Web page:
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Sat 4 August - 2nd XI v St Lawrence II

Posted on 5th August in 2007, 2nds Match Reports

At last, a perfect Summer’s day at the Paddock.

It was a good looking Shoreham team (well, you know what I mean) but we were a bit deflated to be reduced to 10 men by Alex’s late call up to the firsts. (This is always a problem for the lower sides in any club. Can we find a way around it? Named reserves?).

St. Lawrence set off at a good pace and their scoring rate remained at between six and eight an over for a long while. Cobb plundered 77 off our attack after being dropped behind on nought and later lobbing a ball to Matt Robinson at mid on who, fatigued by his frequent (and ultimately fruitless) trips to Sheffield, mournfully watched it fall six feet in front of him without moving.

After hours of toiling in the field under a burning sun we had seen St. Lawrence reach 160 for 1, Deadly Dave taking our single wicket. All seemed lost but then, with wisps of straw in his hair from the morning’s haymaking and bits of steak in his teeth from his interrupted barbecue, Montie came to our rescue. His psychological impact on the game was immediate: his appearance confused the batsmen who dithered over an attempted run and Deadeye Dave threw down the stumps of the retreating striker.

Next into the attack was the ferocious Paul Styles who first caused St. Lawrence’s number 4 to retreat onto his stumps and then hospitalised their next batsman. (Graham advanced on the stricken player with a gleaming syringe and a bill – though not in that order – and seemed disappointed that his offer to put him down was declined). With one eye on the ambulance parked outside the pavilion the remaining St. Lawrence batsman couldn’t cope with Paul’s extravagantly flighted deliveries and he finished with 5 for 28 off his 8 overs. Wyn meanwhile exploited his natural variation from the other end and picked up 2 for 41 in his 9 overs.

Honourable mention should be made of John Austen, one of Nick Walker’s protegees returning for his first game for Shoreham, who troubled the batsmen without reward in his five overs. George and Graham contributed 3 and 5 overs respectively at a point when the St. Lawrence batsmen were at their most settled and bowling was difficult.

It had seemed that we might be looking at 300+ to chase but the last 8 batsmen were only allowed to accumulate 26 runs between them and we dismissed St. Lawrence for 216 - still a challenging total given that our best previous league performance had been 184.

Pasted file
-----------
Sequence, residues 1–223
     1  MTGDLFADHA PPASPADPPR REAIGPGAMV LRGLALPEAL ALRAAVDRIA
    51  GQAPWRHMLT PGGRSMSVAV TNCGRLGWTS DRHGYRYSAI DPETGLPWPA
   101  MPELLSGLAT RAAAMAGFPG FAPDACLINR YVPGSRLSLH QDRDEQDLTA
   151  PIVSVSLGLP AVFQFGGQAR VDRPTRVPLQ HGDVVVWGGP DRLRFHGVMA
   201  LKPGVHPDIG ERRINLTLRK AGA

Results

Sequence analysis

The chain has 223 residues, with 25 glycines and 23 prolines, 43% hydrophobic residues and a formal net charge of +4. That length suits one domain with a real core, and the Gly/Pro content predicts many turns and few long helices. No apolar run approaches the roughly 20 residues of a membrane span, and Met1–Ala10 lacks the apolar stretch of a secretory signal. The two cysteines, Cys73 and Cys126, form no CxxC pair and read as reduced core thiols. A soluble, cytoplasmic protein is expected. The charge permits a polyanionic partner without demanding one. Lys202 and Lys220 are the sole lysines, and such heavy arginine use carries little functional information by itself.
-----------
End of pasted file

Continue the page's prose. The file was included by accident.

Hardly had Paul finished his bowling heroics than he was sent in to open with Montie and they put together a steady opening partnership of over 80. Wyn joined Montie very briefly. Then the man with the huge carbon footprint, first team reject Martin Wells, entered the fray. Martin set about imposing himself on the bowling and a succession of boundaries from both batsmen kept the field pegged back, creating scope for hard run ones and twos, the occasional three and even a four. Just when it seemed that a few more overs would see us to victory Montie belatedly remembered that he was meant to be haymaking and scythed across a good delivery, putting an end to his well paced 64.

Graham stepped up to the crease and despatched a couple of trademark shots before holing out. John Austen then helped Martin to carry the score on to 205. 12 runs were still needed for victory with 3 overs remaining as John headed for the pavilion . We were so close to our first win but the awful prospect of somehow losing out silenced what passes for a crowd at a second XI game. Then Captain Marvel strode nervelessly to the crease. In the 38th over with the score at 212, and the field brought in to prevent Martin regaining the strike, Chris despatched a crunching drive to the long on boundary. At the end of the over the scores remained tied and so it fell to Martin to clip the ball away for the winning runs.


In the glow of victory the evening assumed a kind of radiance, fatigue was forgotten, teammates were dearer than ever, the beer was better, the conversation more brilliant than on any other Saturday. We must do this again!

Who then was Shoreham’s man of the match? Martin’s aggressive 75 not out certainly catches the eye but given that he dropped the man who made 77 when he was on nought this leaves his net contribution at minus 2. Alright I know it was a difficult chance but let’s not allow that to get in the way of what passes for humour in these annals. Likewise Montie’s splendid 64 is worthy of consideration but how much more could he have done if he hadn’t allowed work and social commitments to delay his arrival? Really Montie, get your priorities sorted! So, this week’s award has to go to Paul for his amazing all round performance.

- Wyn

PS – thanks to whoever left the pies and cake at the crease: they were much appreciated.